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The Importance of Nutrition for Exercise

Posted by Paul Rayner on 15-Feb-2019 16:35:11
Paul Rayner

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Ensuring that you have a healthy and varied diet is essential for your wellbeing and to support your physical activities such as going to the gym or taking part in outdoor sports. When exercising, it’s important to adjust your diet to give your body the energy it needs, otherwise it will be an uphill battle to reach your health and fitness goals. Getting your nutrition right – following the most up-to-date healthy eating guidelines – will help you to perform better, reduce the risk of injury, strengthen your immune system and assist post-workout recovery. But what exactly does a healthy diet look like? Here’s 1Life’s lowdown on three of the main food groups you need to know about…

 

Carbohydrates

The main purpose of carbohydrates is to provide the body with energy. They are the most important type of fuel for exercise and physical activity.

When carbohydrates are digested, they are broken down into glucose and stored in your muscles and liver as glycogen – which gives the body a readily available, quick-to-use and effective supply of energy.

It’s essential to keep stocked up on carbohydrates because if you don’t have enough during exercise, you’ll tire more quickly, feel your energy fade, and won’t be able to get the most from your workouts.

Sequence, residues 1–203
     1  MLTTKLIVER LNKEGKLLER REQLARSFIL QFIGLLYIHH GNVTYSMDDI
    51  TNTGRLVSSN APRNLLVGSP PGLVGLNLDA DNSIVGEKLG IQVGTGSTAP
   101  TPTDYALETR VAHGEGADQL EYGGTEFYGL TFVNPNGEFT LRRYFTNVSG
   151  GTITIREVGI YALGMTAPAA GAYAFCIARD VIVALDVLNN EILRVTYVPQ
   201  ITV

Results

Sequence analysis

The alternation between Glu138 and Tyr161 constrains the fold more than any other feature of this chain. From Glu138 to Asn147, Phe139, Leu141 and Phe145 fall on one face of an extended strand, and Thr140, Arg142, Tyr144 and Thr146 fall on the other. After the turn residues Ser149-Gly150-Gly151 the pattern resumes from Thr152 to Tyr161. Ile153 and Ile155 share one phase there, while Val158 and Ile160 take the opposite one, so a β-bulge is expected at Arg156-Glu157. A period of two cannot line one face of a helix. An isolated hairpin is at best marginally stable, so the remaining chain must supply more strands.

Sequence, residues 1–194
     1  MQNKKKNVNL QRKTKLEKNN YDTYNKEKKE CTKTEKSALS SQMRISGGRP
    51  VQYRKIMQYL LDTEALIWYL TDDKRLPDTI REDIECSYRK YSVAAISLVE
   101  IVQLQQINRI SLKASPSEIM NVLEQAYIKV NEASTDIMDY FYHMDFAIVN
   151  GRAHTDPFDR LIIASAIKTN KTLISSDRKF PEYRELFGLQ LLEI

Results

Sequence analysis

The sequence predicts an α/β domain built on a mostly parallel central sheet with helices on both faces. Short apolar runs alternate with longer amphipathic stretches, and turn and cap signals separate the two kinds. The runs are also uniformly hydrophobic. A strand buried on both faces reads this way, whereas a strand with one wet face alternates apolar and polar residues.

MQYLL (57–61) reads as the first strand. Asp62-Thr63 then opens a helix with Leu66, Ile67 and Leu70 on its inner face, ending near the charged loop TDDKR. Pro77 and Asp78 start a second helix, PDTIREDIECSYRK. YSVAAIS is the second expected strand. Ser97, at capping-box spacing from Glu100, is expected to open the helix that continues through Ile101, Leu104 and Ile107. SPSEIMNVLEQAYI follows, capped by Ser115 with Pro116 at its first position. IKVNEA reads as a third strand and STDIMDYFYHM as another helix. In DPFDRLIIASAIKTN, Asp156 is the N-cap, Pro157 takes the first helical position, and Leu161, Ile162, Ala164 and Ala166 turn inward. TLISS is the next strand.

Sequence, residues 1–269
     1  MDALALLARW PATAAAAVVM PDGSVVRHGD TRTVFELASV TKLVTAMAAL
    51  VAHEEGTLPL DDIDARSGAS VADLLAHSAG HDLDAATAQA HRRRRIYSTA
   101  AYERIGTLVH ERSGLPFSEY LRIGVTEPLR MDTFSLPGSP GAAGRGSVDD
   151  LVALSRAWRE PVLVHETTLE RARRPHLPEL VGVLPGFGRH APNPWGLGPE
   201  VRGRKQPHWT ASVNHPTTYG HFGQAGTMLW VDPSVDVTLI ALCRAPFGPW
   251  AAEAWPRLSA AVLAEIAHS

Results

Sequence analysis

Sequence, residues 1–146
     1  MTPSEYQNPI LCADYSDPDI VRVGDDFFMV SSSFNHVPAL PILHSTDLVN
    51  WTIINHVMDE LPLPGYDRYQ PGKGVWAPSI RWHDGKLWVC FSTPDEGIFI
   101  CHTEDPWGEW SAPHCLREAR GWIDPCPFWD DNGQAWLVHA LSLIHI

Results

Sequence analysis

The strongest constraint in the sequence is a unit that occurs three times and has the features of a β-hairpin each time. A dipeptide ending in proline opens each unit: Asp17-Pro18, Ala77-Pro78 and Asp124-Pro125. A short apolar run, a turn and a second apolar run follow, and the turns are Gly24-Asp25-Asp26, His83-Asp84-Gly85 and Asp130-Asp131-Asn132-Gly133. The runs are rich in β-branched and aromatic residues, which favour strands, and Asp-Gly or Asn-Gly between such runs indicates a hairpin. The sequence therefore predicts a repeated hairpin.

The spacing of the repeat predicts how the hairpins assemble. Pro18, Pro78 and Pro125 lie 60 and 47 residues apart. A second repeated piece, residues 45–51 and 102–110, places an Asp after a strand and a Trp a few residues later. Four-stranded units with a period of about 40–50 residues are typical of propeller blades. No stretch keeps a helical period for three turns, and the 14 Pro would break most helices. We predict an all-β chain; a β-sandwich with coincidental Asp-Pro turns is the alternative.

Not only will they help you to keep powering through those squats or push-ups, they’ll also aid your recovery, helping weary muscles to bounce back to their normal state as quickly as possible.

Starchy foods are a vital form of carbohydrates in our diets. Some good examples of these are bread, pasta, rice, beans and pulses. It’s a good idea to choose wholegrain varieties as they also provide fibre and a range of vitamins and minerals, which are important for digestive health and overall wellbeing.

Around a third of our food intake should be carbohydrates. The fruit and milk you consume at brekkie time are great sources of quick-release energy, as they contain carbohydrates in the form of sugars. Packed with vitamins and minerals, they also help us to remain healthy. But remember to limit your intake of 100% fruit juices to a small 150 ml glass per day, as they contain free sugars which increase the risk of tooth decay, especially without good oral hygiene.

Starchy foods (particularly those high in fibre) take longer to digest and provide slower-release energy, so it’s important to include some in all your meals. However, depending on whether you’re a competitive sports person or casual gym-goer, the amount of carbohydrates you’ll need will be a direct result of the length and intensity of your exercise sessions. As an estimate, the recommended consumption (per kg of body weight per day) is 4-5 g for a person who works out for 3-5 hours per week and 5-6 g for somebody who exercises 5-7 hours per week.

To get the most from your carbohydrates, try to spread them out across your meals and snacks, fitting them around your planned exercise, rather than cramming them in all at once!

 

Protein

The three main roles of protein are to grow, repair and maintain body cells and tissues, including muscles.